What is the best way to do this?? - Woodworking Talk - Woodworkers Forum
 
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post #1 of 7 Old 01-18-2013, 08:58 PM Thread Starter
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What is the best way to do this??

Planning on building a headboard my wife saw a picture of. The main panel will consist of vertical 3 1/2" wide slats tongue and groove jointed together.
The question is.......do I run a tongue all the way around the outside of the panel as well and glue it into a groove in the frame or is it best to just butt joint it to the frame and fasten it in with pocket hole screws at regular intervals from the backside?
Any and all opinions are appreciated!
Thanks!
Boz

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post #2 of 7 Old 01-18-2013, 09:28 PM
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alot of the time, the idea is to make them a wee bit loose and not glue them so that they can expand and contract with the seasons without bad things happening. even for inside pieces. i have a door in my basement that expands enough to be sticky in the summer anot at all sticky in the winter.
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post #3 of 7 Old 01-18-2013, 11:12 PM
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I agree with Chris in that you would want room for expansion. Not only that but I think it will look nicer not having screws. What I'm seeing in my mind is a groove in the top and bottom rails and the side rails, or legs would cap the ends with no groove. This would allow you to fit the pieces in with no glue and also give you the opportunity to pre-finish the pieces before final assembly.
Good luck! I hope this helps.
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post #4 of 7 Old 01-19-2013, 09:42 AM Thread Starter
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Thanks folks - appreciate the input - makes perfect sense!
Boz

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post #5 of 7 Old 01-26-2013, 05:21 AM
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I just did a headboard with this very same design, if I'm reading this right. I was going to use 5 1/2" vertical slats all tongue in groove joined. I was spanning about 58" wide with one large panel. After I cut all the parts and had them fitted perfectly, I got hurt with a saw (my fault) and ended up waiting about 2 months before finishing it. I'm glad I did because the slats all shrank and I lost a total of 3/8" in width. I was warned it might happen anyway before I let the time pass in between cutting and finishing. If I had finished it, it might possibly have shrank and pulled itself apart. This was also after I had let the wood acclimate to my shop for about 2 weeks prior to cutting it anyway.

I ended up making the main panel from MDF to aleiviate shrinking and expanding issues. I just routed the front side to look like vertical slats with a V-groove bit.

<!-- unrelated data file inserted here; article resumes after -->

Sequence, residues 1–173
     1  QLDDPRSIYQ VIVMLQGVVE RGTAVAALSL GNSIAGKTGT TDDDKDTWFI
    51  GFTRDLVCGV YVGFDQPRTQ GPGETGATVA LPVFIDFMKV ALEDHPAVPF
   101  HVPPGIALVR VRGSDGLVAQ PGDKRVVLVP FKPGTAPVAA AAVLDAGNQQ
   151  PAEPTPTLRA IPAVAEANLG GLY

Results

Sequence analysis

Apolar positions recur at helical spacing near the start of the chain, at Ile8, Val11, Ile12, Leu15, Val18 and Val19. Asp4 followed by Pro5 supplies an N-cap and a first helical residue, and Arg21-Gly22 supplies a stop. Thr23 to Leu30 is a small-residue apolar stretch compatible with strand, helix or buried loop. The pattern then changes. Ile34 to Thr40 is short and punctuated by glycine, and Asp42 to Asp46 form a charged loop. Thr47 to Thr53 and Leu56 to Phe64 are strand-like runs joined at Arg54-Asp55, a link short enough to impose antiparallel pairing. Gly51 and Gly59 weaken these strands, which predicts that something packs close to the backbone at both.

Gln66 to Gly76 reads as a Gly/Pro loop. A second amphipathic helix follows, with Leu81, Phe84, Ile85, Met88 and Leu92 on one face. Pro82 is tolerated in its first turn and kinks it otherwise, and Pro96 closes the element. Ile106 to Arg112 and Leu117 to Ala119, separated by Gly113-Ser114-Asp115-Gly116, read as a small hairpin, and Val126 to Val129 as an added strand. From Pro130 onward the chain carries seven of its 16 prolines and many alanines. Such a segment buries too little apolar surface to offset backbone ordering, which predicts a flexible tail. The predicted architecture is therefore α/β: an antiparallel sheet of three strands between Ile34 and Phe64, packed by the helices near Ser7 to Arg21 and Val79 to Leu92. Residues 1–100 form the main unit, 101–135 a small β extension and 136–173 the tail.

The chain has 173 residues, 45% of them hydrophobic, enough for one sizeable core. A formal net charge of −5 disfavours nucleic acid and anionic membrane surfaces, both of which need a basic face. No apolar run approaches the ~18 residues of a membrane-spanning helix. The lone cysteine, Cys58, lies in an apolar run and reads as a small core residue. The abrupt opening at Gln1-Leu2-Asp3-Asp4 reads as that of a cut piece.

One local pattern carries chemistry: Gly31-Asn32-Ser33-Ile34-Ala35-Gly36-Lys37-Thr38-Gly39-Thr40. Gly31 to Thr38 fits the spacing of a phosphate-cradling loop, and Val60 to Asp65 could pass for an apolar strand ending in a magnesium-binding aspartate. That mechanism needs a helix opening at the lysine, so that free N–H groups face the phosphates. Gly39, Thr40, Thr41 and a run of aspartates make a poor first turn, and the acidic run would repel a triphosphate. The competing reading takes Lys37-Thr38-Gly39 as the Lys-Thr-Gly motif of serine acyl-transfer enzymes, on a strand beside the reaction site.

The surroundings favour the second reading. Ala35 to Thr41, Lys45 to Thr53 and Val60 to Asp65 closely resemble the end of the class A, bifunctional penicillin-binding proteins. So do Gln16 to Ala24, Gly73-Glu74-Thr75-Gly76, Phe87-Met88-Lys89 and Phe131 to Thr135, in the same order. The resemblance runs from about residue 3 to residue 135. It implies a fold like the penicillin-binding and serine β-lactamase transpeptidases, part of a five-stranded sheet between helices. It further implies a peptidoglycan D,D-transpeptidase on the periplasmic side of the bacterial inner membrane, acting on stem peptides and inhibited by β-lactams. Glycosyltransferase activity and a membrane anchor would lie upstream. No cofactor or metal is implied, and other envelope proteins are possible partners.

I will add that I did not have a moisture meter at the time and the wood I bought had been stored outdoors at a lumber yard under a shelter and tarp. It was dry to the touch when i bought it but it might have had more moisture content than I realized and 2 weeks shop time wasn't enough to get it all out. 2 months apparently was, explaining the shrinkage. These boards all cupped on me in the mean time as well. They were just standard 1x6 framing lumber, which I'm sure played a part in it as well (not a good grade of wood).

Now I have a moisture meter and am able to figure out that wood in my shop will dry to below 6% MC so I'm fairly certain that future shrinkage issues can be avoided if I let it dry long enough and check it before using. Expansion once the new piece is moved to its new home, that's another story.

Last edited by Duane Bledsoe; 01-26-2013 at 05:27 AM.
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post #6 of 7 Old 01-26-2013, 05:44 AM
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It might depend on the look you want. If you create a "V" joint for each vertical slat for the T&G, to appear like paneling, you wouldn't necessarily have to glue them. I would also just set them all in a groove in the framework without glue.

If you want them to look like a solid panel, you could glue them up like a door panel, but let the whole shebang float in a groove in the outer frame.





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post #7 of 7 Old 01-27-2013, 12:09 PM Thread Starter
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Quote:
Originally Posted by cabinetman View Post
It might depend on the look you want. If you create a "V" joint for each vertical slat for the T&G, to appear like paneling, you wouldn't necessarily have to glue them. I would also just set them all in a groove in the framework without glue.

If you want them to look like a solid panel, you could glue them up like a door panel, but let the whole shebang float in a groove in the outer frame.










.
That's pretty much the game plan. I'll tongue & groove each piece and campher the joints so they show a groove at each joint. Have a tongue all around the outer edge that will float in a slot in the frame around the outside. The wood is poplar coming from my friends cabinet shop so it's dried and stable.
Thanks for all the help everyone!

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